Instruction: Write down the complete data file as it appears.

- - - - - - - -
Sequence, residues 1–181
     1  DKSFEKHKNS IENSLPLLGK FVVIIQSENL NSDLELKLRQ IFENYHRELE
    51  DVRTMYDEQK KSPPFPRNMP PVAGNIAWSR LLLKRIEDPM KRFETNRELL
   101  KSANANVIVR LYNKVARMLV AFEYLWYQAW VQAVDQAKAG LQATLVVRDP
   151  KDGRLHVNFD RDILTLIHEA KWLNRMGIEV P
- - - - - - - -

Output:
Sequence, residues 1–181
     1  DKSFEKHKNS IENSLPLLGK FVVIIQSENL NSDLELKLRQ IFENYHRELE
    51  DVRTMYDEQK KSPPFPRNMP PVAGNIAWSR LLLKRIEDPM KRFETNRELL
   101  KSANANVIVR LYNKVARMLV AFEYLWYQAW VQAVDQAKAG LQATLVVRDP
   151  KDGRLHVNFD RDILTLIHEA KWLNRMGIEV P